The screen rises, and we see a room furnished with a meticulous attention to detail (scenery: Márton Ágh), downstage right is the kitchen table and the camera, on the left we see the stunned clerk watching the ailing woman. While scrutinizing the actors, whose voices are not amplified anymore, so from this point on they practically cannot be heard as they communicate with a few odd words and frugal gestures, our gaze has time to linger on the interior. A shabby, one room flat, high ceiling, a space crowded with unnecessary stuff. From the screen we drop into the theatre and back into the Hungarian absurd: the quickest an ambulance can be sent is seventy-six minutes, the bungling bailiff and the helpless woman are ridiculous and distressing at the same time. A spooky film clip is shown: we can now watch with our own eyes the things the woman skirted upon in her monologue about the inglorious life of the vanished boy.
What happens next cannot be told without spoilers, so skip over this paragraph if you prefer to be surprised. The two actors exit the stage, and the space designed by Ágh is now taken into the expert hands of András Éltető, the technical director, and the huge cube (room) crowded with objects starts rotating in an unhurried manner until it gets back to its starting position. The objects are animated, gravity forces the props into an astonishing choreography. We watch with disbelief, and the process and especially the end result are heart wrenching, as at the end what we see is the same, but not quite. Gravity causes an extraordinary change in the scenery. Drawers open, pillows fly, washing machines dance around, books drop, kitchen utilities clatter as they fall onto the floor, in other words, the little world is turned upside down.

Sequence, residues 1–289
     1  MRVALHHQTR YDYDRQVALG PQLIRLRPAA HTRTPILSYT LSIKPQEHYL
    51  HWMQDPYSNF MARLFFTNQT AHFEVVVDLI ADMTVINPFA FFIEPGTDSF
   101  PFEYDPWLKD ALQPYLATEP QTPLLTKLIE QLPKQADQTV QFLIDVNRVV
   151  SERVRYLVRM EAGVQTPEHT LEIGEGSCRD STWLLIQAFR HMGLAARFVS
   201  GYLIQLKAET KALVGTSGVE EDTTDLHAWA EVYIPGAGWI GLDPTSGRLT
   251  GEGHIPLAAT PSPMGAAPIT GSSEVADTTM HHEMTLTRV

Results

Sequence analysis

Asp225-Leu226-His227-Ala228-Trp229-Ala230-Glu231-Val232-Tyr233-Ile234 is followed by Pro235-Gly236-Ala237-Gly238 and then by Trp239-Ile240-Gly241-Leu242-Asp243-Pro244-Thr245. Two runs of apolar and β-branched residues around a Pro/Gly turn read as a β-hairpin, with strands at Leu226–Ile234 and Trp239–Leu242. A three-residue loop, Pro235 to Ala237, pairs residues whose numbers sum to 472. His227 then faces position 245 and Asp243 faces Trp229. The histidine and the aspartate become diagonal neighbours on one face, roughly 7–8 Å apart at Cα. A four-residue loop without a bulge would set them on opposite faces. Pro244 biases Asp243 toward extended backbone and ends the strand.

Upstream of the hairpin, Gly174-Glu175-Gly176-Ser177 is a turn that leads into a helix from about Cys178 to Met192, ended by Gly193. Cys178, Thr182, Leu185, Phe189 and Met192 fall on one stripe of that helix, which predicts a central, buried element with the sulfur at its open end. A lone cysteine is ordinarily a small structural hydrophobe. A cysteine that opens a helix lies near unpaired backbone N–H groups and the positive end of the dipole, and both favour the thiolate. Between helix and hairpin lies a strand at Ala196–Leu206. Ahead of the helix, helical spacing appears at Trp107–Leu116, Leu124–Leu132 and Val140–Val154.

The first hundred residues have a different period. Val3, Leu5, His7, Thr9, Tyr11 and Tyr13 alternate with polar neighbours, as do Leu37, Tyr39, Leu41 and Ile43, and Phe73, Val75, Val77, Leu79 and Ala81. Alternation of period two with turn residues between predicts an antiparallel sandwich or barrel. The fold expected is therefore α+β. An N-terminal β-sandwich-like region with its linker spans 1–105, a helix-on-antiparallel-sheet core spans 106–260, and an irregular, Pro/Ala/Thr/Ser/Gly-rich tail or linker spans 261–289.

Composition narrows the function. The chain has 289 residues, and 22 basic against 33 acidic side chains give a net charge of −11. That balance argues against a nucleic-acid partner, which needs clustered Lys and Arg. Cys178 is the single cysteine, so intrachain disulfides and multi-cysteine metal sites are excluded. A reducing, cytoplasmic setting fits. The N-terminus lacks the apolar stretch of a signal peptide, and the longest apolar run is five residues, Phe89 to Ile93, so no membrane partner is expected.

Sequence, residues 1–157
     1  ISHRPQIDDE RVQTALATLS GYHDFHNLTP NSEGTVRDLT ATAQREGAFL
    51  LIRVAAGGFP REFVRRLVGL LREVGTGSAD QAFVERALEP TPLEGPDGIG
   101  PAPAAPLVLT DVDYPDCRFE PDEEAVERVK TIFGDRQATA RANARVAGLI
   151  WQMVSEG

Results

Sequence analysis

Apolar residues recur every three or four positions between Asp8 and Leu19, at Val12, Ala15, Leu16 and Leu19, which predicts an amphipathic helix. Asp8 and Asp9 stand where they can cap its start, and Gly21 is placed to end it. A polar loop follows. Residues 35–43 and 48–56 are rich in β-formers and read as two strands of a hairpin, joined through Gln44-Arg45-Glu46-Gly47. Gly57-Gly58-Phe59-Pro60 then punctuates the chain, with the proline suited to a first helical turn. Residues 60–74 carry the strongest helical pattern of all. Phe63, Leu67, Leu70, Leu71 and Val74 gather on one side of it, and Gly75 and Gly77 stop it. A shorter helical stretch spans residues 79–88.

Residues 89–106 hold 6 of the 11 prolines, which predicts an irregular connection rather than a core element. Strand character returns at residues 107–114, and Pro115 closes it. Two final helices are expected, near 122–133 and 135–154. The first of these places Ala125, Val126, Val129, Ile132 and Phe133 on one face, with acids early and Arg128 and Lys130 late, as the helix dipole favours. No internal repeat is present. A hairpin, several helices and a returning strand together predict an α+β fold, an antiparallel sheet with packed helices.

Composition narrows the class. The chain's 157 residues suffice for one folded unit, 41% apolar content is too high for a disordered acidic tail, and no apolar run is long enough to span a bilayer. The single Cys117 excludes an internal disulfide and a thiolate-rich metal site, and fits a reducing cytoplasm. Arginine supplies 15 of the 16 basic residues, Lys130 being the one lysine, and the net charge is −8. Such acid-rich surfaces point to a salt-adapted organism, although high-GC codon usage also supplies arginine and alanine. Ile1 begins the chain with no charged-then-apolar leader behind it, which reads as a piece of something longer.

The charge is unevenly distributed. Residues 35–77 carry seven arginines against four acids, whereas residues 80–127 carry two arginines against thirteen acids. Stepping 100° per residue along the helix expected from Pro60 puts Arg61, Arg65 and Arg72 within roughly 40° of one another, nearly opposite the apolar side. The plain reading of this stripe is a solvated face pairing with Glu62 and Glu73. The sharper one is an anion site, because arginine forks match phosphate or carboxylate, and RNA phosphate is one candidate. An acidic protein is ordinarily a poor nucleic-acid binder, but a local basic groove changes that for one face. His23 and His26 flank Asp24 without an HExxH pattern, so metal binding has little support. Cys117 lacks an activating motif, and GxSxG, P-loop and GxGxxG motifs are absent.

Photos by Marcell Rév
After such a zenith it is difficult to do or say anything, and the bar is set too high for the second half of the performance. Another everyday situation: Mihály Sudár, the landlord is trying to let out the cluttered flat that has obviously been empty of tenants for years, to the desperate Veronika Fenyvesi (Annamária Láng). The dialogue of the powerful and defenceless is organized in a manner similar to what we saw before, but the mutual misunderstanding follows a different pattern, as this woman’s shrewdness is not the same as that of the gypsy woman. Different generation, different socialization, surviving at all costs with finesse is in her blood. Once the realtor leaves, Veronika’s carefully hidden son shows up, and he can act as a point of reference in the next unit without actually uttering a single word.
And then past and present get mixed up for good in the magical flat. There seems to be an invisible thread connecting the old lady of yesterday, the woman of today, and their children. Microhistory repeats itself, but then again, it does not. The so far two-dimensional ghost of the gypsy woman’s vanished son (Zsombor Jéger) walks into the flat as a flesh-and-blood corporeality, to start yet another one-sided dialogue with Veronika’s son. The new entrant takes us to another plane once again, but it is unfortunately a downward journey: after the topics of segregation and exclusion, humiliation and defencelessness have been analysed for better or for worse, or have been simply touched upon, Kornél Mundruczó offers the evocation of a ten-year old crime as closure, but the finale leaves us with a void within. Racism that is fervently passed on from one generation to the next, finding at times quiet, at times loud support in the environment, and crime with a racist motive become no more than a slogan on a poster, which does not even come near the subtlety and density with which Imitation of Life entices in the beginning.
(Translated by Péter Papolczy.)